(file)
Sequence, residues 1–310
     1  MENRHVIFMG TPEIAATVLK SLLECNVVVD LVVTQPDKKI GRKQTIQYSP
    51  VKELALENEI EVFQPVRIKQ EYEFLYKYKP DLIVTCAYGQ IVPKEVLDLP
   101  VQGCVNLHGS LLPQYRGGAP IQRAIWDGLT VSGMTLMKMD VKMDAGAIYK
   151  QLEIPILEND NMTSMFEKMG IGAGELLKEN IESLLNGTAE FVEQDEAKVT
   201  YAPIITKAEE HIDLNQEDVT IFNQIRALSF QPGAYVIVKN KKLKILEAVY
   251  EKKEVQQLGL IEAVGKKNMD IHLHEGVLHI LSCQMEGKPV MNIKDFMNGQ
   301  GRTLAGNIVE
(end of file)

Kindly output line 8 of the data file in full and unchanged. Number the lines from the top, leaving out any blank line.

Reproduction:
   301  GRTLAGNIVE